Inslee promises to more than double annual federal investment in public transit systems and invest in electrifying passenger and freight rail. The plan calls for billions in federal matching funds to states, tribes and local governments to deploy charging equipment for electric vehicles and buses, and committing to halting emissions from airplanes at 2020 levels.
To improve electricity transmission, the plan proposes new federal matching dollars for states, utilities and local governments to build new grid infrastructure and expanding the list of equipment the Federal Emergency Management Agency is authorized to give, making it easier to erect clean-powered microgrids.
Water is the centerpiece of the infrastructure section of the plan. The proposal devotes billions to rebuilding drinking water, wastewater and stormwater facilities, and ramping up federal funding to protect coastal property from sea-level rise, improve infrastructure along the Mississippi River and support “chronically under-resourced programs like the U.S. Departments of Interior and Agriculture ― in particular the Bureau of Reclamation and the Natural Resources Conservation Service.”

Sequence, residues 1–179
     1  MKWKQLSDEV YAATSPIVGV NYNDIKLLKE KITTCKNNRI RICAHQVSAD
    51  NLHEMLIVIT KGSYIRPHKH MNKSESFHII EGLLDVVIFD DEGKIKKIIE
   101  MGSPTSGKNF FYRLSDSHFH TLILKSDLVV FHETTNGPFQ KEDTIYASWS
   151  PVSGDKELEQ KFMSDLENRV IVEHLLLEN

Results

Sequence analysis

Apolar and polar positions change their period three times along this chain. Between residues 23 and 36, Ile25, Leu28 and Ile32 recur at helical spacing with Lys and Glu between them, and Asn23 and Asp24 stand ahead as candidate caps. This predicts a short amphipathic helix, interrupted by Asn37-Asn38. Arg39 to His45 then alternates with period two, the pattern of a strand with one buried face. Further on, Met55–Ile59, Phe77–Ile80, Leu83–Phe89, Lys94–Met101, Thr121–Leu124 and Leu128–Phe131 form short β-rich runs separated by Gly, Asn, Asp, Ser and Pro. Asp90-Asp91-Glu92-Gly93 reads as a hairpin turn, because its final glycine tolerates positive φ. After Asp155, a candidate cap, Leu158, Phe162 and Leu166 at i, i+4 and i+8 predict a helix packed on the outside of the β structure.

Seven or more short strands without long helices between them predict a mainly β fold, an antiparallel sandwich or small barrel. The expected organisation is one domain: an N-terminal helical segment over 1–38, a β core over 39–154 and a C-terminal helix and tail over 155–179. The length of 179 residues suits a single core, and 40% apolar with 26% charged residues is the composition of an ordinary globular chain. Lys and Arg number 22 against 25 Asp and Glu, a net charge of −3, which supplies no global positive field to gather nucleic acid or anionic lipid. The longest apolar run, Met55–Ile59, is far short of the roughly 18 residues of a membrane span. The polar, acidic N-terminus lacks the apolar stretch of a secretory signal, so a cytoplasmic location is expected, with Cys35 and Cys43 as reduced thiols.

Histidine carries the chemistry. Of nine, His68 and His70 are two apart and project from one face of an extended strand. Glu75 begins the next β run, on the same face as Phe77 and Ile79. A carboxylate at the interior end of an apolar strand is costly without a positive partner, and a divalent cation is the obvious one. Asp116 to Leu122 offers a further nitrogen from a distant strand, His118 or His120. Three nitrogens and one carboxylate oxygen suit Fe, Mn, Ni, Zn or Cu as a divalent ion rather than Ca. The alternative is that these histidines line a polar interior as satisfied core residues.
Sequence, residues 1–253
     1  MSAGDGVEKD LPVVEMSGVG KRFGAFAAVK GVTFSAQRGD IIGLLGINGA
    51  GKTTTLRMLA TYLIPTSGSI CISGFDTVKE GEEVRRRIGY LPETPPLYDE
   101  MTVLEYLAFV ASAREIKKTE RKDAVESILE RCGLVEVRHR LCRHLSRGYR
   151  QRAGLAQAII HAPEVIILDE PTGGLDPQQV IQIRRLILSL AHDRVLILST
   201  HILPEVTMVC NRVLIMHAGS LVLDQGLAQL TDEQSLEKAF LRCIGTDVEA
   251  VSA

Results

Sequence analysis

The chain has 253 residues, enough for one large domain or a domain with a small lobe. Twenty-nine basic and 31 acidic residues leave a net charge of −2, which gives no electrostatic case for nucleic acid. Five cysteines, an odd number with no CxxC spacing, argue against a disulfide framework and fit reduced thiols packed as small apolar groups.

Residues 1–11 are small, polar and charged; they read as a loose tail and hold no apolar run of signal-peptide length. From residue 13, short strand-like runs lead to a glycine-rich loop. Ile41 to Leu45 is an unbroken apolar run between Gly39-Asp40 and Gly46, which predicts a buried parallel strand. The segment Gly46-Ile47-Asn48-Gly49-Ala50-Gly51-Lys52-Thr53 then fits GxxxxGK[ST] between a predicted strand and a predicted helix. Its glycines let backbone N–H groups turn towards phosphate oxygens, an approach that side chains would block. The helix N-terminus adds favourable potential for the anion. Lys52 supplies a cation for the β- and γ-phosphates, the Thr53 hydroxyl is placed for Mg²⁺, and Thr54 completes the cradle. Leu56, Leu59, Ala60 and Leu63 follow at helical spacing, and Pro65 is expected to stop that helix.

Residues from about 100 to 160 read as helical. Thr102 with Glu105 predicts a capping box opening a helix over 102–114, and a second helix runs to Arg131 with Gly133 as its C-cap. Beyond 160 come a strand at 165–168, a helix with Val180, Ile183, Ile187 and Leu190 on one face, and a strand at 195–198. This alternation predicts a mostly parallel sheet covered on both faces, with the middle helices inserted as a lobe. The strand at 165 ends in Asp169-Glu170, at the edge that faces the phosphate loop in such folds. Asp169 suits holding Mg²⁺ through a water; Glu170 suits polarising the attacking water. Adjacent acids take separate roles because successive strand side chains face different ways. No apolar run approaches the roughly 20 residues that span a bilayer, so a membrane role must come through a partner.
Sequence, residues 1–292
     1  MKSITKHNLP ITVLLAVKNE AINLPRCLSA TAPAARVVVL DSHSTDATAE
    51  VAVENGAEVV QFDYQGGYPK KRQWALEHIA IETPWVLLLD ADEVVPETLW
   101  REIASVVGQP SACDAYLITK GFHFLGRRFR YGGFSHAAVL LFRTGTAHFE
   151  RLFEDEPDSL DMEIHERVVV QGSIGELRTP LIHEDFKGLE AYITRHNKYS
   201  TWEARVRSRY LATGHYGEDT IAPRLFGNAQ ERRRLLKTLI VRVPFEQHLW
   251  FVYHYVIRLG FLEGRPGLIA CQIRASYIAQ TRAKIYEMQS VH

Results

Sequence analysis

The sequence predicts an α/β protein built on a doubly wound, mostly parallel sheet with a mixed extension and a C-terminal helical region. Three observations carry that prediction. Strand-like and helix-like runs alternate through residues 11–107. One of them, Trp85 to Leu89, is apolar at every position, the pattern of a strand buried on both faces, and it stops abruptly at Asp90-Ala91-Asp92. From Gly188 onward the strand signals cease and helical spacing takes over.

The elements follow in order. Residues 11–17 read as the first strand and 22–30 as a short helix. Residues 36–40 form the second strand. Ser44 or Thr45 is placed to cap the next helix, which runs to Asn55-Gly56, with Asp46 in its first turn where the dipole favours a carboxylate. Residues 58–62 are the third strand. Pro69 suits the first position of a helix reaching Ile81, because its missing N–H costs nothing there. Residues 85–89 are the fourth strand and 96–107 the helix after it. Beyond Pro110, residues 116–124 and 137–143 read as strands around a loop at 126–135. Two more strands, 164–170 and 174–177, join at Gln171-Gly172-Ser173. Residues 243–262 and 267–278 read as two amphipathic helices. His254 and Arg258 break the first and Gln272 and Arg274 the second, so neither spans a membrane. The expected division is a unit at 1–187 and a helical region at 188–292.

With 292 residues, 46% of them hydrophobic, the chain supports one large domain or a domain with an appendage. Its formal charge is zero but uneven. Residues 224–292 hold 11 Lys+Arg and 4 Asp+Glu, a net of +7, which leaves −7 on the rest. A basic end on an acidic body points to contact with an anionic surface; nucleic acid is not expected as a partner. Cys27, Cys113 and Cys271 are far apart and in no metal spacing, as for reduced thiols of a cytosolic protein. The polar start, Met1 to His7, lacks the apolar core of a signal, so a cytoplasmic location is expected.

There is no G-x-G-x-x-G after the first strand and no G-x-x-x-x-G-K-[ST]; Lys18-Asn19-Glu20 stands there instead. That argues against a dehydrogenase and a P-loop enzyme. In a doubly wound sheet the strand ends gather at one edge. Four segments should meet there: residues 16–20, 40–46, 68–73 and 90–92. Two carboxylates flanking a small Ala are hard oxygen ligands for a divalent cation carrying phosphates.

The plan lays out incentives for sustainably built low-income housing and increased funding for public housing. It also promises funding and studies to reduce asthma triggers and lead exposure in public schools.
It’s a doozy. It’s extremely thorough. Evan Weber, political director at Sunrise Movement
Public lands are another key point. Inslee proposes ramping up funding for the Forest Service to deal with wildfires and woodland management and clearing the backlog of public lands projects. While it doesn’t give specific dollar amounts, the plan expands the budgets for the Environmental Protection Agency and the National Oceanic and Atmospheric Administration, and gives the USDA “a leading role” in overseeing ecosystem restoration.